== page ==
HOUSTON -- A 4-1 loss for Mexico against Uruguay under normal circumstances would be cause for an internal inquiry as to the direction El Tri is heading, especially when the loss comes in a stadium in which Mexico's fans were in the overwhelming majority.
Perhaps interim coach Ricardo "Tuca" Ferretti has managed the expectations for this group of young player particularly well, or maybe the news that Diego Maradona is taking over at second-division side Dorados de Sinaloa has simply taken the attention away from the national team. It could be that the fact many seem to want Ferretti to stay on as permanent Mexico coach has given him some leeway.
There were no rants in the media about why 20-year-old Jesus Angulo was played as a center-back, when he's played most, if not all, of his 14 Liga MX games for Santos Laguna at left-back. Whether Luis "Chaka" Rodriguez is an international-quality player could've also been put under the microscope given his sloppiness in possession. And then there was Ferretti's somewhat strange decision to call up and start Chivas striker Alan Pulido, who hasn't started a league game in more than a month due to injury, as well as the abysmal defending from set pieces.
While asking such questions is valid, it was also refreshing to see the outrage that often accompanies a Mexico loss was muted and measured. There was little of the vitriolic outpouring that former El Tri manager Juan Carlos Osorio had to deal with in his reign whenever a result, or performance, didn't match the often-exaggerated expectations.
And that is very much a good thing, because if we learned anything from Friday's game in NRG Stadium, it is that more of that patience will be required moving forward as Mexico gradually transitions to a new generation of player.
In the post-Russia 2018 order, so much is up in the air for Mexico. Who will be the new coach? When will the announcement be made? Which players from the 2018 World Cup generation deserve to stick around for Qatar 2022?
The one thing that is certain -- and that Ferretti has been spot on about -- is that players such as debutants Angulo, Diego Lainez and Roberto Alvarado as well as Jonathan Gonzalez, Gibran Lajud, Gerardo Arteaga, Jose Abella and others are the future and need to be given opportunities.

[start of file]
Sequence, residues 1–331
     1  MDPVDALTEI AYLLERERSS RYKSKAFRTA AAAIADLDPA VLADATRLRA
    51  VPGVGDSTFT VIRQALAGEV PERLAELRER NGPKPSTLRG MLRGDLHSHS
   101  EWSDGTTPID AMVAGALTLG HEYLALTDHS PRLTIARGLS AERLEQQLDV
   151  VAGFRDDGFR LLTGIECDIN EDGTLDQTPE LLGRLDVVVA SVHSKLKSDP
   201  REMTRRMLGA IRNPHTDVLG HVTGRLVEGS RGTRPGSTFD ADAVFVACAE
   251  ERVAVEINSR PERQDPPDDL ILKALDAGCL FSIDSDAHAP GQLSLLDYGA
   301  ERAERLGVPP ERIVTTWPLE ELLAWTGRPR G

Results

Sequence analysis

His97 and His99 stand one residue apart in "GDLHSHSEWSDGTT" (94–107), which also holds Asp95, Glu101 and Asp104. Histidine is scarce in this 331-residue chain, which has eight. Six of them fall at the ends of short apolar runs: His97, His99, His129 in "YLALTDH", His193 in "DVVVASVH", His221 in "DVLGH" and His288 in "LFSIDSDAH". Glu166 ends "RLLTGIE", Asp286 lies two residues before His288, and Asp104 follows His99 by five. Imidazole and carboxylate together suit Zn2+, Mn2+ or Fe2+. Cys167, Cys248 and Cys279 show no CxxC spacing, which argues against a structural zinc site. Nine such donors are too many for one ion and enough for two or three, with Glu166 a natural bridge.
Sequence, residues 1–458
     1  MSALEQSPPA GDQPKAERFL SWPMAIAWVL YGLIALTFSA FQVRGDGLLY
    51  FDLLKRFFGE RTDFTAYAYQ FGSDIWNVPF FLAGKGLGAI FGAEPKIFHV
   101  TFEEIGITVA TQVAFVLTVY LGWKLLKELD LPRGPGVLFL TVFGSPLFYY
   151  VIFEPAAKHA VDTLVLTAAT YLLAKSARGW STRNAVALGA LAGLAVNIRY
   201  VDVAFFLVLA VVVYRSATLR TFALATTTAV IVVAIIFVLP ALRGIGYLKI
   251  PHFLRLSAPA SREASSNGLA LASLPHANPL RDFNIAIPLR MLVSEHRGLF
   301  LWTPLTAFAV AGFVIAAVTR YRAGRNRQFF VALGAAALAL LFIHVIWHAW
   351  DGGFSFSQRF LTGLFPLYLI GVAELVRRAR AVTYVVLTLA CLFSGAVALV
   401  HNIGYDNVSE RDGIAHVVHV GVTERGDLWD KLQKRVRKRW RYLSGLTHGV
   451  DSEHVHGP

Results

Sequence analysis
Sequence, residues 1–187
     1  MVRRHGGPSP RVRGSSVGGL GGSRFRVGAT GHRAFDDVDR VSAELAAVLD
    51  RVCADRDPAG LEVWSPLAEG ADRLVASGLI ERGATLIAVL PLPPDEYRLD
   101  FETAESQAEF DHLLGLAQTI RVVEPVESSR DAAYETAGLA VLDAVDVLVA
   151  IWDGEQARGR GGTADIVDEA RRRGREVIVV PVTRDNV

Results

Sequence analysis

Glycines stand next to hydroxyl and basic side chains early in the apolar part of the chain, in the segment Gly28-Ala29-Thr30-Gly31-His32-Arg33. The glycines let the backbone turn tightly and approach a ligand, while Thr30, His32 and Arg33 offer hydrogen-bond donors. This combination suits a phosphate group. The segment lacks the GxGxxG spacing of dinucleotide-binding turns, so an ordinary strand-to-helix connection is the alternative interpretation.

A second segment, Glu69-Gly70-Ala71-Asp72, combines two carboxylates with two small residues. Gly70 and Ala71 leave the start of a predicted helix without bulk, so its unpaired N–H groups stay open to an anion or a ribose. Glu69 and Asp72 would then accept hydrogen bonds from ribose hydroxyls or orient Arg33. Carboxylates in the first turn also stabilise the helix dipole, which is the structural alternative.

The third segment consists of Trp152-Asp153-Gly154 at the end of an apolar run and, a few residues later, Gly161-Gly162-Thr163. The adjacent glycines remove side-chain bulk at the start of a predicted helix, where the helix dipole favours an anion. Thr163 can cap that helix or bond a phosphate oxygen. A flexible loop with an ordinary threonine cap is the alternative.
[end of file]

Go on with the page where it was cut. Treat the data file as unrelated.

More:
"A certain percentage of the national team's future is here," said Ferretti after the game, stressing that he wants these players to do enough under his tutelage in the friendlies remaining this year so that the youngsters remain part of the squad when a permanent appointment is made.
On Friday, as soon as the Uruguay team filtered through, the suspicion was that this would be a difficult task for El Tri. The Diego Godin-Jose Maria Gimenez axis in defense was always going to be tough to break down, and Luis Suarez up against Hugo Ayala and Angulo a cause for concern.
And the South Americans did provide a perfect litmus test with their characteristic combination of competitive spirit and top talent. After a bright start for El Tri, Uruguay made Mexico look disjointed and reliant on Hirving Lozano for real quality.
The Mexican youngsters got a glimpse of the standard required at international level, and there are some tentative positive signs. Alvarado made his full national team debut on his 20th birthday and was bright in the second half, 18-year-old Lainez was ambitious when he had the ball at his feet and mature in addressing the press after the game, while Victor Guzman almost scored an overhead kick.
While the Uruguay test provided a reality check for anyone getting carried away by the youngsters' positive performances in Liga MX, the United States on Tuesday should be an opportunity to shine. The Stars and Stripes also have a young squad, and with Guillermo Ochoa, Erick Gutierrez and Hirving Lozano not making the trip to Nashville, the next generation will have to step up.
Lajud, 24, could start in goal, while Abella, Arteaga, Lainez, Alvarado, Guzman, Gonzalez, Edson Alvarez, Orbelin Pineda, Erick Aguirre and Angel Zaldivar should all be in line for minutes.
Results aren't the most important thing at present for Mexico, but after a justified beating at the hands of Uruguay, a win over the United States would be a nice boost of confidence early in this generation's adaptation to international soccer. Whatever happens, keeping patience as these players get used to their new status as full national team players will be absolute crucial for Mexico moving forward.